Nicolas Sarkozy seems to be indulging in the time-honored European tradition of cracking down on Gypsies for political gain:
The deportations, scheduled to start Thursday, follow the
dismantling of 51 illegal camps—set up by Roma of eastern origin and by
other Gypsies, including French citizens—over the past three weeks.
Around 700 of the people expelled from their camps who were staying in
France illegally will be flown home to Central and Eastern Europe, he
after police in Saint-Aignan, in central France, shot dead a
22-year-old Gypsy for failing to stop at a roadblock, Gypsies armed
with hatchets and iron bars felled trees and traffic lights, torched
cars and attacked a bakery and a police station.
Two weeks later,
on July 28, Mr. Sarkozy said the government would dismantle illegal
sites used by Gypsies. He also proposed stripping French citizenship
from people of foreign origin who were convicted of trying to kill
police or other public officials. Separately, a member of Mr. Sarkozy's
ruling UMP party has proposed that parents of delinquent children be
imprisoned for up to two years.
The thing is, none of this is really all that unusual. The French government regularly shuts down the camps and expelled 10,000 Roma to Romania and Bulgaria last year alone. Since, as EU citizens, the Roma are free to travel to France without a visa (though not to live there permanently) and still face far less discrimination there than in Eastern Europe, many of them simply return a short time later. But this time Sarkozy has made the expulsions the centerpiece of a larger law-and-order campaign.
Sarkozy's popularity ratings have been in the low 30s thanks to a sluggish economy and an ongoing campaign finance scandal. The strategy seems to be working. 79 percent of French voters support dismantling the camps and Sarkozy's ratings are up 2 points this month. And so the cycle continues.
The more time one spends in China, and the more one travels within the
country, the harder it is to describe "China" as a single entity. The
country is far more geographically, culturally, linguistically and economically
diverse -- and confusing -- than is evident from the photos we now often see of
gleaming new shopping malls in its wealthier eastern cities. There is not one
China story, but countless.
From the windblown deserts of Gansu province to the fertile rice paddies of
Hunan, from impoverished Tibetan shepherds to shopaholic Shanghaiese, from the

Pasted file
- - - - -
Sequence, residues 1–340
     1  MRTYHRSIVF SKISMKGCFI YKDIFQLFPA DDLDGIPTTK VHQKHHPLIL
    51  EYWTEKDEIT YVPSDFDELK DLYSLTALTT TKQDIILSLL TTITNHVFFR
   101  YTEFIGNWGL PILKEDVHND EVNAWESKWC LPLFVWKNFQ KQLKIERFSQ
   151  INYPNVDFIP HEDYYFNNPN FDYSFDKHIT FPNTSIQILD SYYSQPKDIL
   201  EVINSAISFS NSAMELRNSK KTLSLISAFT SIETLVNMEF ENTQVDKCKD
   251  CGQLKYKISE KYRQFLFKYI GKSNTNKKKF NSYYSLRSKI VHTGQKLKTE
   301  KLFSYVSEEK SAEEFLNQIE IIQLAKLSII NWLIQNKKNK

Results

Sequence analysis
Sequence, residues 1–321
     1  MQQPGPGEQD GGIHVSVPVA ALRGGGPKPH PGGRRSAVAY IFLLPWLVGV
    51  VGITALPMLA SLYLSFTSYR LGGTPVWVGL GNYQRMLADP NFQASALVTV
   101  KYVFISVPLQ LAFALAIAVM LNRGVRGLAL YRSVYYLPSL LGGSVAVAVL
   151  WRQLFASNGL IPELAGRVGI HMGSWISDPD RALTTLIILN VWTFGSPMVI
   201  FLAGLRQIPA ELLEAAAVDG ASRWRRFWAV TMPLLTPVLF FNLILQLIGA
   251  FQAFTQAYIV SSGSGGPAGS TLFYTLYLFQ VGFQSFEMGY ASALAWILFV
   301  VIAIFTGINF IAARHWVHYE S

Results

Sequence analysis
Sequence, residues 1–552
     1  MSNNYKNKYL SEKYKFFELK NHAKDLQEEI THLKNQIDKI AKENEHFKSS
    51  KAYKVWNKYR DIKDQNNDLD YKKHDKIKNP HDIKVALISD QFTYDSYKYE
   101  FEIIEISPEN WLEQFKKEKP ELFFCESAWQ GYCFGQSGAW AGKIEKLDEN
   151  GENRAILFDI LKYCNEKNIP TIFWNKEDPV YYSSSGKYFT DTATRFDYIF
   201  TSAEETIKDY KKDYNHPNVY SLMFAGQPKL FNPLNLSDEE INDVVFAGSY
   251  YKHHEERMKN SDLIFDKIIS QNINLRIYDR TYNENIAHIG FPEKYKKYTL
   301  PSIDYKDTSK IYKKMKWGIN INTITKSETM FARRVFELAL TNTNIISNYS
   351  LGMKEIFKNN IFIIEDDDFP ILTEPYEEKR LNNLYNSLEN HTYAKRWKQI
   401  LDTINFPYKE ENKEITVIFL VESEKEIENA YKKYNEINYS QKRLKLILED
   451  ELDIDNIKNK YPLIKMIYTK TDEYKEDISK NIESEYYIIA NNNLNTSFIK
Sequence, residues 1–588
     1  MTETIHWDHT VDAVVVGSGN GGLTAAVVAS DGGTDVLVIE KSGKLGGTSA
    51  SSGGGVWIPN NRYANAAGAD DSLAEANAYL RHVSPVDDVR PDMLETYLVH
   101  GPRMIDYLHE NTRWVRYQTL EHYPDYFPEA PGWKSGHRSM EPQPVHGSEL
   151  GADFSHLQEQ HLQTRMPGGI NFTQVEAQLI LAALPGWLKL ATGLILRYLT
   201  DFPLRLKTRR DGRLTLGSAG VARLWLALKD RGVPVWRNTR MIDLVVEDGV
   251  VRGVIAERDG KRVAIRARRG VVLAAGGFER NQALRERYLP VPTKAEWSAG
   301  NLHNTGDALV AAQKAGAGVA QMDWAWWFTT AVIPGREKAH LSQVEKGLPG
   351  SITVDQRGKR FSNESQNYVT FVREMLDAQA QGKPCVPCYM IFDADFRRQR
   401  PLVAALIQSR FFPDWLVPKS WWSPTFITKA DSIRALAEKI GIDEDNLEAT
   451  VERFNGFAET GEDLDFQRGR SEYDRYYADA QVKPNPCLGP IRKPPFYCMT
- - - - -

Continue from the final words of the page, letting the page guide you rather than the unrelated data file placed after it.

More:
glitzy coordination of mass events, like the 2008 Olympic Opening Ceremony, to
the chaotic hodgepodge of daily life (orderly queues are entirely unknown),
there is no single narrative or argument that encapsulates the nation. (The
Atlantic's James Fallows and others return often to this point.)
What all these aspects of China do have in common, however, is that they're
changing. Rapidly. Over the next 20 years, some 400 million people -- more than
the entire population of the United States -- will move from the countryside to
China's fast growing cities. Imagine the many stages of American history over
the last century and a half condensed into a single generation. Then you have a
glimpse of the transformation underway in China.
In Britain, the birthplace of the Industrial Revolution, there are only two
cities with a population of more than 1 million; in the United States, there
are just 10 such cities. But already in China, there are 43 cities of more than
1 million, and by 2030 there will be 221, the McKinsey Global Institute predicts.
What is life like in China's booming megacities? To begin to answer that
question, this spring I visited the sprawling metropolis of Chongqing -- once a
relative backwater in mountainous western China, and today place where land is
converted from countryside to apartment blocks and parking lots faster than
anywhere else on the planet. A dynamic inland port city, and gateway to what
Beijing considers China's still Wild West, think of it as "Chicago on the
Yangtze" (check out the article here -- and Matthew Niederhauser's superb photo
During World War II, the city was known to westerners as Chungking, when it
was briefly the Nationalist capital of China. Many turns of history later,
it is today a place where it is possible to drive through the northern New
District for more than a half hour, past block upon block of new apartment
highrises, where five years ago there were only fields. Its celebrity Party
boss, Bo Xiali, is already making international headlines for his storied crackdown
on Chinese mobsters and wrenching political ambitions.
For all the international attention paid to decisions made in Beijing, I have come to believe that the role
that China, now the world's second largest economy, will come to play in the 21st century will depend not firstly on the wiles of its diplomats, the size of its navy, or
even the next appointments to the Politburo, but on how well China manages the
largest mass urbanization in history. The municipality of Chongqing, absorbing
roughly 1 million new urban dwellers each year, is at the spear tip of this
UPDATE: Chicago fires back! Writing for the Chicago Reader, Lauri Apple takes issue with the comparison, and explains why Chicago is not the Chongqing of the United States:
Chongqing is mountainous, and its main body of water, the Yangtze, looks like a river of Yoo Hoo.
Chicago has no mountains, and its water is blue (and green, on Saint
Patrick's Day). In Chongqing, people play badminton in the public
areas; Chicagoans play public cornhole.
Fair enough, there's no analogy that truly explains a Chinese megacity. But hopefully the article and photos will help a bit to demystify the abstraction.